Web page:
Another favorite experience involved eating freshly-picked mangoes that were given to us by the kids. With a handful of large mango trees on site at the Grand Goave Children’s Village they are a common treat for the kids there who get them either by picking them off the ground after they’ve fallen or by throwing rocks and sticks up into the tree to knock them loose. They are absolutely delicious, but, they are also a mess to eat!

Nickenson, and one of his house brothers, looking at the photo/frame my son Jacob made for him

Nickenson, and one of his house brothers, looking at the photo/frame my son Jacob made for him

After working on projects around the Grand Goave Children’s Village on Monday, Tuesday, and Wednesday, we took a day trip to visit the Jacmel Children’s Village on Thursday. We packed into the van and saw some amazing views as we drove two hours over the mountains to Jacmel which is on the south coast of Haiti. The site in Jacmel, while continually expanding, is much more developed than the temporary housing that exists in Grand Goave. The population of kids in Jacmel is, on average, much younger than Grand Goave and I learned rather quickly that these younger kids were much more apt to just run to you, jump up, and cling on than their older counterparts in Grand Goave. What a joy it was to be able to hang out with those little bundles of energy! But, the two highlights of our Jacmel visit, undoubtedly, were visiting the other child that we sponsor through Hands & Feet, Nickenson, and, then, meeting the newest resident at the Hands & Feet Children’s Village in Jacmel, Elijah.

He was fascinated by my whiskers for some reason

He was fascinated by my whiskers for some reason

Nickenson is a toddler who, as soon as walked through the door in his house, had a big smile on his face! He was very appreciative of the family photo/frame that my son Jacob made for him and it didn’t take long before he had both arms around my neck, holding on to me. One of the things he was most fascinated by, though, was my beard. He just kept playing with it while I chatted with him, trying to soak up his joyful wonder for a few minutes. When a teammate came in and informed me that it was time to leave and they were waiting on me, it broke my heart to have to do so. His house mother had to pull him off after he’d had his arms so tight around my neck and his head on my shoulder. My last view of him was as he was walking back to his bedroom with tears welling up, looking down at the photo I’d given him. My tears have welled up several times since then when reflecting back on that moment.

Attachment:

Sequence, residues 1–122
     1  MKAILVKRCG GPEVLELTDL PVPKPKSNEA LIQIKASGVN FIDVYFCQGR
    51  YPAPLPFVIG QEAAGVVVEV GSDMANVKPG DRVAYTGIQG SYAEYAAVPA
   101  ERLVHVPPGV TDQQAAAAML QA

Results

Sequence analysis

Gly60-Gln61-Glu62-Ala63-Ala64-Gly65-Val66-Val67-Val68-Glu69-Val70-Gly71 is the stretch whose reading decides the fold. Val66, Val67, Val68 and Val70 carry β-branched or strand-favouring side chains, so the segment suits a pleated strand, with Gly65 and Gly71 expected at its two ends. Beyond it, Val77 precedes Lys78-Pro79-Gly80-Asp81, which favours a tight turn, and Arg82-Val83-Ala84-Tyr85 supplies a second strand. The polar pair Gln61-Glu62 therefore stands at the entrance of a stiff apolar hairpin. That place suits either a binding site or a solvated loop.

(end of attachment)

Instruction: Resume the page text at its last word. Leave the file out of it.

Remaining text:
With 7-day old baby Elijah, the newest resident at the Jacmel Children's Village

With 7-day old baby Elijah, the newest resident at the Jacmel Children’s Village

Before spending time with Nickenson, I had the chance to spend some time with Elijah, the newest resident at the Jacmel Hands & Feet Project Children’s Village. I rocked four-pound Elijah for almost a half-hour and what a privilege it was! He had just been abandoned by his mother who couldn’t or didn’t want to take care of him. She’d planned to leave him on the steps of the hospital – an all too common practice in Haiti, often with disheartening results – but, thankfully, The Hands & Feet Project was there to take him in.

These kids are real and they are beautiful. I know, they are hundreds of miles away from anyone that might read this blog, but, they are living and breathing children with personalities, dreams, and emotions. They’re made of God-given flesh and blood, just like your son or daughter, and just as deserving of love. Thank God, they get a good share of it from their house families and the staff of The Hands & Feet Project.

The following video features the children from The Hands & Feet Project

Little hands, shoeless feet, lonely eyes looking back at me
Will we leave behind the innocent to grieve
On their own, on the run when their lives have only begun
These could be our daughters and our sons
And just like a drum I can hear their hearts beating
I know my God won’t let them be defeated
Every child has a dream to belong and be loved

Boys become kings, girls will be queens
Wrapped in Your majesty
When we love, when we love the least of these
Then they will be brave and free
Shout your name in victory
When we love when we love the least of these
When we love the least of these

Break our hearts once again
Help us to remember when
We were only children hoping for a friend
Won’t you look around these are the lives that the world has forgotten
Waiting for doors of our hearts and our homes to open

If not us who will be like Jesus
To the least of these
If not us tell me who will be like Jesus
Like Jesus to the least of these

Boys become kings, girls will be queens
Wrapped in your majesty
When we love, when we love the least of these
Then they will be brave and free shout your name in victory
We will love we will love the least of these

Part 4 coming soon…